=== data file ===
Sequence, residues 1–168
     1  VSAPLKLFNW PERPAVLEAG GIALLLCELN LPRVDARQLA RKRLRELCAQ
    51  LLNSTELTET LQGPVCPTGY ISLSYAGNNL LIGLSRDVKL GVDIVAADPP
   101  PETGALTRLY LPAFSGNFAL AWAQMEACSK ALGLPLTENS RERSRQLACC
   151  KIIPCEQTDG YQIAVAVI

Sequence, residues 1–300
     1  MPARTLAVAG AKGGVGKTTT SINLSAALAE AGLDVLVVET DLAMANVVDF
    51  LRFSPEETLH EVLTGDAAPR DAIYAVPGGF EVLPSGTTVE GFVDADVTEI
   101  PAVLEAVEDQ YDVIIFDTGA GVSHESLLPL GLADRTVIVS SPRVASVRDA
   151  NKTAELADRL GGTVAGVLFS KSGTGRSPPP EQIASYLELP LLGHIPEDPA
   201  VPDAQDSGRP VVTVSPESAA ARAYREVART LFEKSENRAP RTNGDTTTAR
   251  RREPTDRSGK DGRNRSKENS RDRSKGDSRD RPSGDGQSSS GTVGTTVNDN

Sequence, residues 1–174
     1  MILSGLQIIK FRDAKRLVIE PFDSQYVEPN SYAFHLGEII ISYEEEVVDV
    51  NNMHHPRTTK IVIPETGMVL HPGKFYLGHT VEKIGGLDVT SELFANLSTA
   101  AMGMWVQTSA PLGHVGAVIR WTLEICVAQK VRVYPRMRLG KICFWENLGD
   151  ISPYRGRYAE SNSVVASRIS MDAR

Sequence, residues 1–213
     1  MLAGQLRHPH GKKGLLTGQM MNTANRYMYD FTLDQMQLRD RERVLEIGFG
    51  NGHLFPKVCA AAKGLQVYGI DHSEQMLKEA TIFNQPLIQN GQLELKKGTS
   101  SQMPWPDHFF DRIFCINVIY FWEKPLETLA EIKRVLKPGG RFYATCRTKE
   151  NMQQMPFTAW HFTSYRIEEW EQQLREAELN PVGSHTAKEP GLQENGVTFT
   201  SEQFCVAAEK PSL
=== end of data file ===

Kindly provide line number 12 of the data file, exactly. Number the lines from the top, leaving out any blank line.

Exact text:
   251  RREPTDRSGK DGRNRSKENS RDRSKGDSRD RPSGDGQSSS GTVGTTVNDN